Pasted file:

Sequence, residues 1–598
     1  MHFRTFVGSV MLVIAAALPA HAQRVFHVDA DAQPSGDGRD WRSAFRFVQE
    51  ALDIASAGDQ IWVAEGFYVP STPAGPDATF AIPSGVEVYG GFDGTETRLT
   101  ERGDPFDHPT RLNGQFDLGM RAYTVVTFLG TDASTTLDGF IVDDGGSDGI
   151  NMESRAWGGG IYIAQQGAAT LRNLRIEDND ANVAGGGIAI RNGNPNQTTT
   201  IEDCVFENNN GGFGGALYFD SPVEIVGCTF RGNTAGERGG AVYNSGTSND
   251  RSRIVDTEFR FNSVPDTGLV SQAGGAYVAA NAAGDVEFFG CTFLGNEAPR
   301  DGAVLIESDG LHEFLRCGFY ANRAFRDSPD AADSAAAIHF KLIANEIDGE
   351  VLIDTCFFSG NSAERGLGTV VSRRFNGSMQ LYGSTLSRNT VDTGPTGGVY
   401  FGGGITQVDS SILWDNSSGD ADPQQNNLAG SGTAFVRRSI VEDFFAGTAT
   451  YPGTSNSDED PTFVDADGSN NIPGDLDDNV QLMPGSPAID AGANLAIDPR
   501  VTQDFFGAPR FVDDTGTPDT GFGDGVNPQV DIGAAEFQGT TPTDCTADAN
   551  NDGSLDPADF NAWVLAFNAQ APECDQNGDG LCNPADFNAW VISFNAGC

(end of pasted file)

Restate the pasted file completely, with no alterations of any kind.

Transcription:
Sequence, residues 1–598
     1  MHFRTFVGSV MLVIAAALPA HAQRVFHVDA DAQPSGDGRD WRSAFRFVQE
    51  ALDIASAGDQ IWVAEGFYVP STPAGPDATF AIPSGVEVYG GFDGTETRLT
   101  ERGDPFDHPT RLNGQFDLGM RAYTVVTFLG TDASTTLDGF IVDDGGSDGI
   151  NMESRAWGGG IYIAQQGAAT LRNLRIEDND ANVAGGGIAI RNGNPNQTTT
   201  IEDCVFENNN GGFGGALYFD SPVEIVGCTF RGNTAGERGG AVYNSGTSND
   251  RSRIVDTEFR FNSVPDTGLV SQAGGAYVAA NAAGDVEFFG CTFLGNEAPR
   301  DGAVLIESDG LHEFLRCGFY ANRAFRDSPD AADSAAAIHF KLIANEIDGE
   351  VLIDTCFFSG NSAERGLGTV VSRRFNGSMQ LYGSTLSRNT VDTGPTGGVY
   401  FGGGITQVDS SILWDNSSGD ADPQQNNLAG SGTAFVRRSI VEDFFAGTAT
   451  YPGTSNSDED PTFVDADGSN NIPGDLDDNV QLMPGSPAID AGANLAIDPR
   501  VTQDFFGAPR FVDDTGTPDT GFGDGVNPQV DIGAAEFQGT TPTDCTADAN
   551  NDGSLDPADF NAWVLAFNAQ APECDQNGDG LCNPADFNAW VISFNAGC